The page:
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Dennis Rehberg: The Dumbest Member of Congress (No, Seriously)

My inbox this morning featured another insightful poll from Representative Rehberg, one no doubt designed to illicit a response from his friends in the Tea Party critical of American education, suggesting that American history has been hijacked by radicals:

A knowledge of history – where we came from and how we got here – is at the heart of any national unity.  Unfortunately, in some instances, teaching American History and the Constitution has taken a back seat to a politically correct alternative history curriculum.

Before his thought-provoking questions, Rehberg argues that American unity can bestCapture be found through accurate conservative teaching of history:

It’s been 224 years since the signing of the Declaration of Independence and in that time our country has faced many challenges.  Even now, we are fighting to eradicate terrorism around the world while dealing with economic hardship here at home.  Any scholar of history knows that we’ve been here before.  We’ve fought wars, suffered through recessions and had disagreements so dire they pit brother against brother on the battlefield.  But through it all, our country has prevailed.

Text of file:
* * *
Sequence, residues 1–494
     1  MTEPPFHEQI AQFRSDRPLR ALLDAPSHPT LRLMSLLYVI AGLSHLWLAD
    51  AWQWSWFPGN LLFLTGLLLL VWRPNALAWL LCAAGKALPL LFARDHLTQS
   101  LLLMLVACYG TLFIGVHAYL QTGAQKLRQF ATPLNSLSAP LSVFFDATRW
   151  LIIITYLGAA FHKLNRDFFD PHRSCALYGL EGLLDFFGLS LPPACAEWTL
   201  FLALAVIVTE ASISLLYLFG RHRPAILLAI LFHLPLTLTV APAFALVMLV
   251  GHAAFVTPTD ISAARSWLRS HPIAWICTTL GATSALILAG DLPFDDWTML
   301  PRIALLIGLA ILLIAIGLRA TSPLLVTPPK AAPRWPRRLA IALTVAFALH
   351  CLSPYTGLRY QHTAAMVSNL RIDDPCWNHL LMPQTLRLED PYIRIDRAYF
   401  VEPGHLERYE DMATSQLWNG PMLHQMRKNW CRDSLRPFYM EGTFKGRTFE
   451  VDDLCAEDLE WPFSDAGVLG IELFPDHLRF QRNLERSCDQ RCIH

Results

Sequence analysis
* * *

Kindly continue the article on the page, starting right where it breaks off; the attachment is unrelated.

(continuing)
That’s why we need to make the teaching of American history a priority in our schools.

I added the bolded part myself. It’s been 224 years since the Declaration? I mean, I’m not an excellent math teacher, but I’m pretty sure it’s been 234 years. I googled it to be sure, and the Turkish consulate agrees with me, so I think I’m right.

It’s like watching Chevy Chase play Gerald Ford with this guy. He’s just such an inept joke that his inane, federally-funded pandering to voters isn’t even accurate.

Well done, Denny!

If you appreciate an independent voice holding Montana politicians accountable and informing voters, and you can throw a few dollars a month our way, we would certainly appreciate it.

About the author

Don Pogreba

Don Pogreba has been writing about Montana politics since 2005 and teaching high school English since 2000. He's a former debate coach, and loyal, if often sad, fan of the San Diego Padres and Portland Timbers. He spends far too many hours of his life working at school and on his small business, Big Sky Debate.
His work has appeared in Politico and Rewire.
In the past few years, travel has become a priority, whether it's a road trip to some little town in Montana or a museum of culture in Ísafjörður, Iceland.


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